Now, let’s move on to our tips for the night-of. Because the activities typical of Halloween involve indoor and outdoor environments, you’ll need to consider the pros and cons of keeping them indoors or letting them outside. Let’s take a look at these scenarios…
Ready your dog ahead of time
One of the biggest traditions of Halloween is the parade of young trick-or-treaters after sunset. But even if it was a highlight of your childhood, it may not be a pleasant experience for you puppy pal. The frequently ringing doorbell and strangely outfitted humans at the front door can be troubling for your pet.
Even the calmest dog can become frightened by the barrage of strange sounds and sights. If you plan on handing out candy, you may wish to condition them ahead of time. In the coming days, start ringing the doorbell ahead of entering your home. You can then reward them once they see you. They’ll learn to associate the ringing doorbell with a positive experience. It’ll ease them of worry or anxiety on the day it really counts!
And make sure your treats are placed out of reach for your curious pup! More on this later…
Decorate with caution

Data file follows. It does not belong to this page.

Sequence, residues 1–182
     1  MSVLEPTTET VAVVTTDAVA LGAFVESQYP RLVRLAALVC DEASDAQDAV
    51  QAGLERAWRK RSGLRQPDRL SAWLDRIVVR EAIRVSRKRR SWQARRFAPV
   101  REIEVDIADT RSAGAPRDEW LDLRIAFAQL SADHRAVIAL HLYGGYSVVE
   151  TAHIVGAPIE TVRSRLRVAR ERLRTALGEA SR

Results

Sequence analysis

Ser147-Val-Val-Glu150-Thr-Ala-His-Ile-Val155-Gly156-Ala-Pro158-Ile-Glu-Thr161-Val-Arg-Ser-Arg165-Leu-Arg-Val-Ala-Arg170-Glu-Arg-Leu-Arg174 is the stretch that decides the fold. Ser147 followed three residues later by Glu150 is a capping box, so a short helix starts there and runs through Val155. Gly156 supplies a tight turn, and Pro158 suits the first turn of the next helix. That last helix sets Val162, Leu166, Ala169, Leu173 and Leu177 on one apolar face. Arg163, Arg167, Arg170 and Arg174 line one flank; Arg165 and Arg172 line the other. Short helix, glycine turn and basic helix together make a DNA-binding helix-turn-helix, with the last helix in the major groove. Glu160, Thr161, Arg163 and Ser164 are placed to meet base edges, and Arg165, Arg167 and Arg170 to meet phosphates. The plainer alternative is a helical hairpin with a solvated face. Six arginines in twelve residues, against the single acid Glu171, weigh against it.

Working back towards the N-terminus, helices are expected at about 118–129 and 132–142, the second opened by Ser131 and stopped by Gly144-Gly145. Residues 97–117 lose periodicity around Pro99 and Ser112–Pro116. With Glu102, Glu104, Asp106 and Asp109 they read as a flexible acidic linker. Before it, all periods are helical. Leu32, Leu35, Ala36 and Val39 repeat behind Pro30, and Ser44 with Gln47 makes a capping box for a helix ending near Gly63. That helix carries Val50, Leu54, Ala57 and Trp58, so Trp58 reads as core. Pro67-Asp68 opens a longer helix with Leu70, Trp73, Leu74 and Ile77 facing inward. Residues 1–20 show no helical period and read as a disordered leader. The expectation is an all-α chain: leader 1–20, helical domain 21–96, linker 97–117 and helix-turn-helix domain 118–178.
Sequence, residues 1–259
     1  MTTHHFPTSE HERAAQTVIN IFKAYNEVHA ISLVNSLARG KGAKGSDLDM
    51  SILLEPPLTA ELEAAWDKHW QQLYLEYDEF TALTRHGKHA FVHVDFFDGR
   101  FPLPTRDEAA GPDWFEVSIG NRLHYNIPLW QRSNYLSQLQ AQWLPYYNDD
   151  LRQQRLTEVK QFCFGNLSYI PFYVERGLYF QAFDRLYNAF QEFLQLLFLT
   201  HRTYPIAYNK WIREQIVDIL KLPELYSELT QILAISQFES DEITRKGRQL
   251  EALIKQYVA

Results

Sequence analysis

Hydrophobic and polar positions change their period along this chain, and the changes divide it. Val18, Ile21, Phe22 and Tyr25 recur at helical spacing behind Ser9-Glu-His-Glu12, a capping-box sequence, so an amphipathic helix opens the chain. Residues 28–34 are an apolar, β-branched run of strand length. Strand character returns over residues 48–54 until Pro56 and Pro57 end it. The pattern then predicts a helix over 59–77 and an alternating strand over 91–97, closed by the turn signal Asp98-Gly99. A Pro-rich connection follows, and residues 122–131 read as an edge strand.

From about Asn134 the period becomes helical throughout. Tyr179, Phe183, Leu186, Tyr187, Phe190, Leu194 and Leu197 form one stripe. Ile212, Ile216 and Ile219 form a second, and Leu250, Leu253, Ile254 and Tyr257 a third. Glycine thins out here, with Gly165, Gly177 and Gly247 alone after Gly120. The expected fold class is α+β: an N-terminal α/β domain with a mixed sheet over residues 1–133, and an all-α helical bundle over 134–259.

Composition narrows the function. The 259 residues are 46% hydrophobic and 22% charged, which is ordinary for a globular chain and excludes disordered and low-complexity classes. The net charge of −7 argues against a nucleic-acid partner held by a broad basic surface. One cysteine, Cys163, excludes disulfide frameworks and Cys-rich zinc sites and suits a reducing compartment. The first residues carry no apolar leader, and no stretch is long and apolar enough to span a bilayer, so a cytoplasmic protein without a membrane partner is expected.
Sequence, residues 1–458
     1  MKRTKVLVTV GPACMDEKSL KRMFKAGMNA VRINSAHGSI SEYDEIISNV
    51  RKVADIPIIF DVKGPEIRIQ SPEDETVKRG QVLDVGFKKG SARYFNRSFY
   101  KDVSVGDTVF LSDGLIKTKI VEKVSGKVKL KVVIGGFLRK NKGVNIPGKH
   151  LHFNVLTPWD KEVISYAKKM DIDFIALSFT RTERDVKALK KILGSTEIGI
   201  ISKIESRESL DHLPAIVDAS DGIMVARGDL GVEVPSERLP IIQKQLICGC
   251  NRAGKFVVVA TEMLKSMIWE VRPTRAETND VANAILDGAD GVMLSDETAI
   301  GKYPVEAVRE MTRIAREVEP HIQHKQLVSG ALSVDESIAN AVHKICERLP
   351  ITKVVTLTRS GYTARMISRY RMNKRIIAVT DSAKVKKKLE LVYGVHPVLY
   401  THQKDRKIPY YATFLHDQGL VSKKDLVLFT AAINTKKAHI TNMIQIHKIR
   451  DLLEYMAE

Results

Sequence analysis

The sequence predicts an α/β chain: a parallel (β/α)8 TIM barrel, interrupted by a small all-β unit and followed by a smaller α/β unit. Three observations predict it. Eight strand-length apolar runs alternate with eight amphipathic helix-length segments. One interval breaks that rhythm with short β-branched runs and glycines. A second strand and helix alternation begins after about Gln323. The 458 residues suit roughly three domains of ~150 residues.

Thick cobwebs, burnt skeletons, and carved pumpkins are everywhere this time of year. Even if you are a pet owner, you are still entitled to decorate your home. But when you have pets that love exploring and playing with new toys, you’ll need to keep a few things in mind when decorating.
Untrained dogs and newborn pups will likely get their paws (and jaws) on a few items they’re not supposed to. You’ve probably covered the bases when it comes to loose charging cables and electrical outlets. But in the spirit of decorating, it’s easy to overlook how they will react with new items around the house! Evaluate each aspect of your decor and see how they act. You never know what will send your pup into a frenzy of excitement, so be careful when introducing new stimuli. Use their reactions as a benchmark for Christmas, too!